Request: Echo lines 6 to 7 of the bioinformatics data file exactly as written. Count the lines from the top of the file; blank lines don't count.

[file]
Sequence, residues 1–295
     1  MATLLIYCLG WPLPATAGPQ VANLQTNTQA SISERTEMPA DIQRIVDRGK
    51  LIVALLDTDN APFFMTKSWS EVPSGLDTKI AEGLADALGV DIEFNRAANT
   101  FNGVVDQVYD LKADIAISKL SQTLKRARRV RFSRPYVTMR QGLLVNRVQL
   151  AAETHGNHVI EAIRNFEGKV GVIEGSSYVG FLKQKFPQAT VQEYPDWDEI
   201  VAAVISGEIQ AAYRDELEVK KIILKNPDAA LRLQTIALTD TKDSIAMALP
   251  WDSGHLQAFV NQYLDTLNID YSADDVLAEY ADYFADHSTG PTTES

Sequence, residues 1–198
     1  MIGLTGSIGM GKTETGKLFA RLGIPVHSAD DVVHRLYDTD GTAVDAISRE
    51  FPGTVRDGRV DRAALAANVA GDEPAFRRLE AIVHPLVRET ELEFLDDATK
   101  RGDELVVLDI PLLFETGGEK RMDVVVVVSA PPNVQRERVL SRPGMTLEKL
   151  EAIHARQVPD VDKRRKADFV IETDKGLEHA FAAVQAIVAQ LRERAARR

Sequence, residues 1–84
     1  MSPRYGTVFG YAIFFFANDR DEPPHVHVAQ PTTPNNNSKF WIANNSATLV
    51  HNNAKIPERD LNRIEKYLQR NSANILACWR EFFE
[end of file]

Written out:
   201  VAAVISGEIQ AAYRDELEVK KIILKNPDAA LRLQTIALTD TKDSIAMALP
   251  WDSGHLQAFV NQYLDTLNID YSADDVLAEY ADYFADHSTG PTTES